The Mix

The umpire strikes back

The most completely objective, nonpolitical, nonideological, nonpartisan rant you'll ever read.
I was bothered by this during John Roberts Supreme Court nomination hearings. I was even more bothered by this during Samuel Alito's nomination hearings. And while I was already really annoyed by Bush shedding crocodile tears over the death of Coretta Scott King, I was really irritated by people calling the truth "politics" when Reverend Joseph Lowery told it like it is at her funeral.

It's not just a question of the fact that Coretta would have approved, although, she undoubtedly would have. It's that there wasn't more of it. More speaking to her ideas and ideals, for that is a large part of what makes a life.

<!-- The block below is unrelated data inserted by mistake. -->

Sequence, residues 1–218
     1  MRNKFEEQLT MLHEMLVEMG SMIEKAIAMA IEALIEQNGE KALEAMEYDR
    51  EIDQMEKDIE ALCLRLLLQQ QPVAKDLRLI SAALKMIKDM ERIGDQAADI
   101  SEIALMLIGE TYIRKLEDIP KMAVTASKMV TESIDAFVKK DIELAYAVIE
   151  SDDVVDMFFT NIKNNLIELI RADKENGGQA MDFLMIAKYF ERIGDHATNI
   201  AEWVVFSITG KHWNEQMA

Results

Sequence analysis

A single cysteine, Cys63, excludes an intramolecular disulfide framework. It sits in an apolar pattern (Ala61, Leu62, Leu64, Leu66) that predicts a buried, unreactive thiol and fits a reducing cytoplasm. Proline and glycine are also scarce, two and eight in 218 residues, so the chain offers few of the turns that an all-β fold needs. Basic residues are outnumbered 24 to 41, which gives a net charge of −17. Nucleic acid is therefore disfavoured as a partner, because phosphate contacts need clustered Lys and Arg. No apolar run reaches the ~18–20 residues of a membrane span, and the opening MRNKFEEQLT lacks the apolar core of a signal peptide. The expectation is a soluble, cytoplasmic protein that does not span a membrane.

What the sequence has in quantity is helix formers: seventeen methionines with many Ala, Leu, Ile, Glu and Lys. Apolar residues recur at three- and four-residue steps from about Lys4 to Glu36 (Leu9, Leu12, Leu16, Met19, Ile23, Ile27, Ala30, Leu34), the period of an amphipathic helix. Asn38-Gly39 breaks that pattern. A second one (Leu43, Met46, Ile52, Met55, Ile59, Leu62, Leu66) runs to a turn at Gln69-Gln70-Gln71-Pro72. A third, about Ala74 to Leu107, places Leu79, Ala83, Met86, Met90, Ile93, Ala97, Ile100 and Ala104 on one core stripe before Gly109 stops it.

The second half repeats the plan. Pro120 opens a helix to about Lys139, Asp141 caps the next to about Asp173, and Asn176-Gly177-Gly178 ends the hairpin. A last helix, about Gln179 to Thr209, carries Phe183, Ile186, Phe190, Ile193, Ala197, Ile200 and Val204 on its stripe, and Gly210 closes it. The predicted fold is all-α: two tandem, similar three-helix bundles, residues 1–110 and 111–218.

People have ideas, beliefs, and judgements. People get nominated to the Supreme Court for these beliefs. And, when they die, they should be honored for their beliefs by those they have inspired.

Members of the Senate Judiciary Committee and the press were enamored with John Roberts' simile likening judges to umpires. But not only are judges nothing like umpires, umpires aren't even like umpires in any area of their life outside of their job. And, even then, it's not just rabid Seahawks fans who think that umpires bring to the game their prejudices, their judgements, and their beliefs.

Politics is, to me, about how I live my daily life, how I respond to the decisions the goverment makes in my name, and what I believe about the world. If "playing politics" sounds dirty, it's because corrupt politicians have toyed with matters of life and death and everyday life.
Rachel Neumann is Rights & Liberties Editor at AlterNet.